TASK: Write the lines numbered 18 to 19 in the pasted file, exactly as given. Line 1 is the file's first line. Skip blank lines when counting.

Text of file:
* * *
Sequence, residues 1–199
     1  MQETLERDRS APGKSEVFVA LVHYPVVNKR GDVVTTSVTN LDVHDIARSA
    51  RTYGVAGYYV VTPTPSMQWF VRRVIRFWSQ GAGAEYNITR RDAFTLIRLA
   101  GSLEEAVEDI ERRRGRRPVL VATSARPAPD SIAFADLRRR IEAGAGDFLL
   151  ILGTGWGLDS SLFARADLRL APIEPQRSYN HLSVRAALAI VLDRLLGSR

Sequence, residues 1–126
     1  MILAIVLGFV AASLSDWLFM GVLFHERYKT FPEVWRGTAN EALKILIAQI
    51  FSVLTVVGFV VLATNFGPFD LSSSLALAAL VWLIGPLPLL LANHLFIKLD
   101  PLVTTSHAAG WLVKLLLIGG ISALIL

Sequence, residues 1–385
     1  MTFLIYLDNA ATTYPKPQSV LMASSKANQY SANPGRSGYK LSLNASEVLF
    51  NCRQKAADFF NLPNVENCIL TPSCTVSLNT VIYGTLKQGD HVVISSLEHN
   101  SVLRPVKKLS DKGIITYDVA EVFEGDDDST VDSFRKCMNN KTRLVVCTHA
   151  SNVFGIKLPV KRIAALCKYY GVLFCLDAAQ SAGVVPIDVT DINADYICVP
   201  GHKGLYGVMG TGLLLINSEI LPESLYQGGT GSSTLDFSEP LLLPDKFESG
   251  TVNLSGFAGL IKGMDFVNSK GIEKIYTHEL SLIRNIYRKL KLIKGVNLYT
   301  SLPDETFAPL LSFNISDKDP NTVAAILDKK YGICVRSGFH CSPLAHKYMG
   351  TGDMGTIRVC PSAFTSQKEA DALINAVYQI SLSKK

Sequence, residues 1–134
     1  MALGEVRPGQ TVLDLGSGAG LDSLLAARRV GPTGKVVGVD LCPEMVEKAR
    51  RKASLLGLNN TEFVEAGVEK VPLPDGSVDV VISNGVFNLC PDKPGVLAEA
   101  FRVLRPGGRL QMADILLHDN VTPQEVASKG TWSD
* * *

   351  TGDMGTIRVC PSAFTSQKEA DALINAVYQI SLSKK

Sequence, residues 1–134